Why Didn't Someone Tell Me I Was Doing It Wrong?


I’m 66, and only in the last year have I learned the proper way to cook a steak or open a bag of microwave popcorn.

So what have y’all just learned to do properly that you’ve been doing wrong all your lives?


Wait explain the popcorn opening please!


Tie my shoes, apparently. Or perhaps, i have offended the knot gods. Who is the Patron Saint of knots, anyway?

Because seriously i can’t keep my right shoe tied to save my life. It will become untied sitting at a desk. People will even remark after i point it out to them that, yea, actually, you tie your shoes over and over and nothing works. I have to retie my shoes probably 2-3 times while running.


Double knot?


I refuse!

Also, it loosens up behind the double knot, which is kind of the worst of both worlds, especially when running.


This is a good topic, because recently my wife told me that we’ve been using can openers all wrong for, apparently, forever. The blade of the can opener is supposed to cut along the outside of the rim of the can, not along the inside top of the can. I never knew this!


There is debate on this, as it does make the can edge where it was opened VERY sharp.


My dogs love cans of tuna, and I highly prefer the lid to be sharp (and discarded) rather than have my dog slice their tongue apart on a sharp can.

(OK, my dogs love almost everything from chicken to brussel sprouts to kimchee, but canned tuna is a big favorite.)


Yeah, this isn’t true.

It’s some thing that someone recently realized, but it doesn’t actually work on all cans, and when it doesn’t work, it gets all fucked up.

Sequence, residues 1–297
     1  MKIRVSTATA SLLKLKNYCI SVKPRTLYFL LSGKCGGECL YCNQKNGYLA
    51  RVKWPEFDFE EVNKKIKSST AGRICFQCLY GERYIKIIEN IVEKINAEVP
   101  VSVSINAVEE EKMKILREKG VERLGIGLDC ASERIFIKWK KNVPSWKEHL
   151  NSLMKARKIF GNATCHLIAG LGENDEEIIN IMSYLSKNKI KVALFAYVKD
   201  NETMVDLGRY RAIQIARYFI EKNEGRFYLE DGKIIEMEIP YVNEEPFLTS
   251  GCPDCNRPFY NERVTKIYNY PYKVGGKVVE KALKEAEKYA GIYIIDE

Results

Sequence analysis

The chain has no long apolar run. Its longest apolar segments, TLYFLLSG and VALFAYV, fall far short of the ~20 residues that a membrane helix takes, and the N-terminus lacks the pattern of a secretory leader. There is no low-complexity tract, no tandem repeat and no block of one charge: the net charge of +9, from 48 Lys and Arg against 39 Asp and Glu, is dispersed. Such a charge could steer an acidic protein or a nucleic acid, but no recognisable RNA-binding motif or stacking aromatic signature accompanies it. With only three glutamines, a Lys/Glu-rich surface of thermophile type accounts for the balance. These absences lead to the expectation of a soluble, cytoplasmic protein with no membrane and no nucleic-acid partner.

What gets all fucked up? I’ve noticed that it does seem a little messier, in that you’re cutting the lip of the can off along with the rim, but otherwise seems to work ok.


I tried it after seeing it, and it worked fine on some cans, and then I ran into some where it just stopped cutting after a bit, then had to be restarted, and basically just fucked up the top. It eventually cut it open, but it wasn’t worth it. Did the same thing on another can of the same stuff.

I didn’t bother really examining what was different about the cans compared to others.

The reality is though, can openers are in fact designed to be used in the way that everyone has always been using them.



Note - if you’re left handed you probably already do this.


I don’t get it. How is that different from what he did the first time?


One goes over (the default, right handed weaker knot), and the stronger knot goes under.


Ah cool, yes, I see it now. I’ll have to try that tonight.

Edit: I just tried it, going under is not intuitive but it does seem stronger. Cool.


I used to open the bag like any other, rather than tugging on opposite corners.


Quick question, to forestall my doing it wrong: how does one say the word “latinx”? Is it said like Latin-X, as two separate words? Or one word, like la-teenks? I realize it’s a dumb question but I have no idea.


It’s a fairly recent made-up word, so whatever sounds better to you. Either latin X or lateen X. I’ve never been clear why they don’t just use “latin”, it’s not like anyone’s going to mistake someone alive today for a two thousand year old civitas of the Imperium Romanum but whatevs.

Back on the topic of the thread, opening a banana from the bottom is much easier. That’s how monkeys do it.


IIRC the x is also meant to replace the traditional gendered -o or -a suffix to make the term more inclusive (e.g., by default in Spanish, mixed sex groups are always referred to with the male version, Latinos), more than keeping people from thinking you went out to the big Roman rights march the other day.

It’s used in place of Hispanic to decolonize the collective term, as apparently some people find having their cultural group referred to as a sub-branch of the Europeans who raped and murdered their way across the continent a few centuries ago to be…sub-optimal.

To your question, 3D, as far as I know, it’s La-teen-Ecks, using the Spanish long “i”


It’s the Latin Ten, then the Latin Ten-Ess, Latin Ten-Ess-Max, and the Latin Ten-Arr.